Renn et al. Molecular Pain 2011, 7:29 http://www.molecularpain.com/content/7/1/29

Page 5 of 13

Figure 4 Oxaliplatin induces nucleolar segregation and axonopathy. (a, b) Light microscopy revealed that DRG neurons from mice treated with oxaliplatin 3.5 mg/kg/iv twice weekly for four weeks (b; n = 3) had segregated nucleoli (arrow heads) that were eccentric (black arrow) compared to DRGs from naïve mice (a; n = 3). (c, d) Electron microscopy also showed segregated nucleoli in DRG neurons from oxaliplatintreated mice (d; n = 3) but not naïve mice (c; n = 3). Light microscope examination demonstrated that myelinated fibers in the sciatic nerve of mice treated with oxaliplatin 3.5 mg/kg/iv twice weekly for four weeks (f; n = 3) had evidence of changes indicative of axonopathy (white arrows) that were not found in sciatic nerve from naïve mice (e; n = 3).

Renn et al. Molecular Pain 2011, 7:29 http://www.molecularpain.com/content/7/1/29

500

o

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OHP 3.5 mg/kg

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OHP 3.5 mg/kg

Nucleolar Area (mm2)

(b) 550

Nuclear Area (mm2)

Somatic Area (mm2)

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6.5 6.0 5.5

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OHP 3.5 mg/kg

Figure 5 Oxaliplatin (OHP) treatment causes decreased the area of DRG cell body and nucleolus. Morphometric analysis revealed that DRG neurons from mice treated with oxaliplatin 3.5 mg/kg/iv twice weekly for four weeks (n = 3) had a significant decrease in the area (mm2) of the cell bodies (a) and nucleoli (c) compared to DRG neurons from naïve mice (n = 3). (b) There was no difference in the areas of the nuclei from oxaliplatin-treated and naïve mice. °p < 0.05 vs naïve, #p < 0.001 vs naïve, Student’s T Test.

studies examining the antineoplastic efficacy of oxaliplatin have been done in mouse. Recently, though, several studies have been done to examine oxaliplatin-induced neurotoxicity in the mouse [14,15]. However, the mouse studies have not closely examined the neurotoxic effects of chronic oxaliplatin treatment on the status of peripheral nerves and spinal dorsal horn neuronal activity. In this study, we used a mouse model of oxaliplatininduced neurotoxicity, based on our preliminary studies in the rat [7,35], to investigate the effects of chronic oxaliplatin treatment on nocifensive behavior, peripheral nerve function and wide dynamic range neuron activity in the spinal dorsal horn. The dose of oxaliplatin and the administration schedule were chosen based on previous work in the rat [7] and preliminary pilot studies in the mouse. The mice received 3.5 mg/kg/iv twice weekly for four weeks, which is equivalent to 130 mg/m2 per administration and a cumulative dose of 1080 mg/m2 after 8 cycles. This dose of oxaliplatin and number of cycles has been found to cause neuropathy symptoms in patients [23,33,36]. The oxaliplatin treatment did not affect the general health and functioning of the mice, as assessed by appearance and activity, though the mice did lose weight during the course of the study. Although the weight loss was significant, it was tolerable and consistent with similar rat models [7]. Moreover, the association between the extent of weight loss and peripheral neuropathy has been ruled out, at least in the rat [37]. However, oxaliplatin treatment did produce significant mechanical and cold allodynia that persisted for the four week duration of the study, similar to symptoms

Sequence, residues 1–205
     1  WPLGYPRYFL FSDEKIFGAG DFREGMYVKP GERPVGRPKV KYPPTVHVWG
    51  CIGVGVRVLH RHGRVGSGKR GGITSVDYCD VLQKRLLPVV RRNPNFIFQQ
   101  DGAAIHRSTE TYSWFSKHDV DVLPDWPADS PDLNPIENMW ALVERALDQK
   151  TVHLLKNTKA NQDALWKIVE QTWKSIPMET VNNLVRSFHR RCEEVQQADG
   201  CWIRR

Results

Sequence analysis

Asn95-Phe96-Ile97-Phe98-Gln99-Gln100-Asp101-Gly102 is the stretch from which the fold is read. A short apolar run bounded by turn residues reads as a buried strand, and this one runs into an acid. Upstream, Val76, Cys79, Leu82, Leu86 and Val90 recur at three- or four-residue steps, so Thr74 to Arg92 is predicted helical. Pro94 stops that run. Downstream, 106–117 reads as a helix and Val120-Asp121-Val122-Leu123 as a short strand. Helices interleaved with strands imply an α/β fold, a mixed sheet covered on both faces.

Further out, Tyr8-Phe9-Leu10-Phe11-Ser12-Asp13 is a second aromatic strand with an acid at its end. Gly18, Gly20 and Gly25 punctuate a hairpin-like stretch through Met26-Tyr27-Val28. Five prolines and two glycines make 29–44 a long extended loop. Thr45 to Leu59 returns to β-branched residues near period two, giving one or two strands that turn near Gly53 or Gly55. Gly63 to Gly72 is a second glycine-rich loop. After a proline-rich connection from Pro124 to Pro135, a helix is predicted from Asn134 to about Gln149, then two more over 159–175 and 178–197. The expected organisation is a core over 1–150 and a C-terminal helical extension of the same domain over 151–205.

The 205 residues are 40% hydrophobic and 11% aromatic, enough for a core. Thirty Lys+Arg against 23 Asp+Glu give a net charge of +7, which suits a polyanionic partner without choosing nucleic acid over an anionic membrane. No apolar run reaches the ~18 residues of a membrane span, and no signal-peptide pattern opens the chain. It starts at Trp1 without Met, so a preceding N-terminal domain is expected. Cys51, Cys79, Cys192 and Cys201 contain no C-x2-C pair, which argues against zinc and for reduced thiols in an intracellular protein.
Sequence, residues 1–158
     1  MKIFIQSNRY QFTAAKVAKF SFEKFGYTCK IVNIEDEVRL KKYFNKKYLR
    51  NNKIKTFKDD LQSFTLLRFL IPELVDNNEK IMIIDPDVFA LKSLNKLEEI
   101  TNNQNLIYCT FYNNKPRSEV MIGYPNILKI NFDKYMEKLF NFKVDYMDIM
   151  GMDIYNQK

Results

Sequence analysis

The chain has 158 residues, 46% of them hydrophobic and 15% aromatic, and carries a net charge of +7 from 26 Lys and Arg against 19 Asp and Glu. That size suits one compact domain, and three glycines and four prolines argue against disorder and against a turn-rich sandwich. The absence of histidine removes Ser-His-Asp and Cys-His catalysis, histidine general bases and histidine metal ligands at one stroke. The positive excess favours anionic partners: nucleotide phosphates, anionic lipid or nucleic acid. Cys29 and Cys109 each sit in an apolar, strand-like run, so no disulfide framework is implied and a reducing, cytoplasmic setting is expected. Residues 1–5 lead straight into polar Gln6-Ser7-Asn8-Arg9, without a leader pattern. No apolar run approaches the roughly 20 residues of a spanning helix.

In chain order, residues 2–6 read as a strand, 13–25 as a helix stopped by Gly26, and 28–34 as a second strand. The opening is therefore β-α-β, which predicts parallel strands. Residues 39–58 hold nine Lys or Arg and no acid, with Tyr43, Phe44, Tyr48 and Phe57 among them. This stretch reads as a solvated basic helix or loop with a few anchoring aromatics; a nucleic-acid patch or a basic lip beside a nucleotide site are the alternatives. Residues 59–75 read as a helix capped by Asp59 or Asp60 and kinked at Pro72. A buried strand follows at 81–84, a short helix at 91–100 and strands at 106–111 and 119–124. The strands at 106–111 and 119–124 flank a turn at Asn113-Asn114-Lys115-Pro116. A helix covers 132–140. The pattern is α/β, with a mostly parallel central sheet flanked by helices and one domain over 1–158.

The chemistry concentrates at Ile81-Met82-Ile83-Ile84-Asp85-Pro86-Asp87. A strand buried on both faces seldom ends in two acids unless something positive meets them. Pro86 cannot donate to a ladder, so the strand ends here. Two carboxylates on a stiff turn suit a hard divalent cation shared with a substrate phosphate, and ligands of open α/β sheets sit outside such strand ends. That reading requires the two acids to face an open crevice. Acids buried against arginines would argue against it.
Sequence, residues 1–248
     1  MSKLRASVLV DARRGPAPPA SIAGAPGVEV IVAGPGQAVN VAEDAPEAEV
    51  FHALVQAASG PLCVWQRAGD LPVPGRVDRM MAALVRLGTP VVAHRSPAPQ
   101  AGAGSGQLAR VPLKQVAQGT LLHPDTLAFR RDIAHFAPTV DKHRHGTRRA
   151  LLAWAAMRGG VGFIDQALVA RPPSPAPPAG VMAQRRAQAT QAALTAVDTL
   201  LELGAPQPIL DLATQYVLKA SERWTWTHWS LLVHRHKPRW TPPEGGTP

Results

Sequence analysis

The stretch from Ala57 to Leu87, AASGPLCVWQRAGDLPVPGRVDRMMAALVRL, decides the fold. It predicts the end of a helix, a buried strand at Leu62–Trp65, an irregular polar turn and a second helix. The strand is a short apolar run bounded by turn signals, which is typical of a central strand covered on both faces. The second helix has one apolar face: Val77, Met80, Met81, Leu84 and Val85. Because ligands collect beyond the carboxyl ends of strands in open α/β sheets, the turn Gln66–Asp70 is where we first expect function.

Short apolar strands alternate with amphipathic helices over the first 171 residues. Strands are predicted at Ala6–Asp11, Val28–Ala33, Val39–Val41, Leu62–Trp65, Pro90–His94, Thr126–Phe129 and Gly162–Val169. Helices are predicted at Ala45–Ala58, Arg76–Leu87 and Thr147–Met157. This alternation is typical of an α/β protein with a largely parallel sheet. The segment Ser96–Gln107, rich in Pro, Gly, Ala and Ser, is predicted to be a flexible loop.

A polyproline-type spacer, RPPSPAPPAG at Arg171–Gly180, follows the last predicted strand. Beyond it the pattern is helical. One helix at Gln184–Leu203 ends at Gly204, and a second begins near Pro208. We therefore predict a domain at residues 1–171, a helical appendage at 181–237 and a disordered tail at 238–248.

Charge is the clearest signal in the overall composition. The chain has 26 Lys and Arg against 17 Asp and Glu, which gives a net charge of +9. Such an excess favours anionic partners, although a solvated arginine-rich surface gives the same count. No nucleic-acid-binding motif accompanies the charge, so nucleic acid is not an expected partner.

reported by patients [1,9] and to what has been found in previous studies in the rat [12,13,11,38,39] and mouse [14,15,40]. Thus, this mouse model of oxaliplatininduced neurotoxicity is representative of the human clinical condition and can be a useful tool to study the mechanisms that underlie the development and persistence of chronic OIPN. Oxaliplatin-induced neuropathy has been associated with damage to the peripheral sensory neurons [7,41], which leads to alterations in peripheral nerve function [31,42]. In this study, we found that chronic oxaliplatin treatment induced a decrease in conduction velocities in the caudal and digital nerves that was associated with a concomitant decrease in caudal action potential amplitude. These results are similar to the findings of studies that were done in the rat [7,43]. Nucleolar morphology changes were also seen in this study that are similar to those shown previously [44]. The mechanisms of these decreases remain unclear and require further study; however, as suggested by Jamieson and colleagues, one possibility is that oxaliplatin induces a decrease in phosphorylated neurofilaments in DRG neurons with a concomitant alterations in sensory axons [45]. Following the finding that oxaliplatin induced a decrease in NCV and action potential amplitude; we examined the morphology of DRG neurons and sciatic nerve at the light and electron microscope levels. Our findings that the diameter of DRG cell bodies is reduced after chronic oxaliplatin treatment is also similar to findings in the rat [7,34,43,45,46], which are suggestive of neuronal atrophy that could be related to a decrease in phosphorylated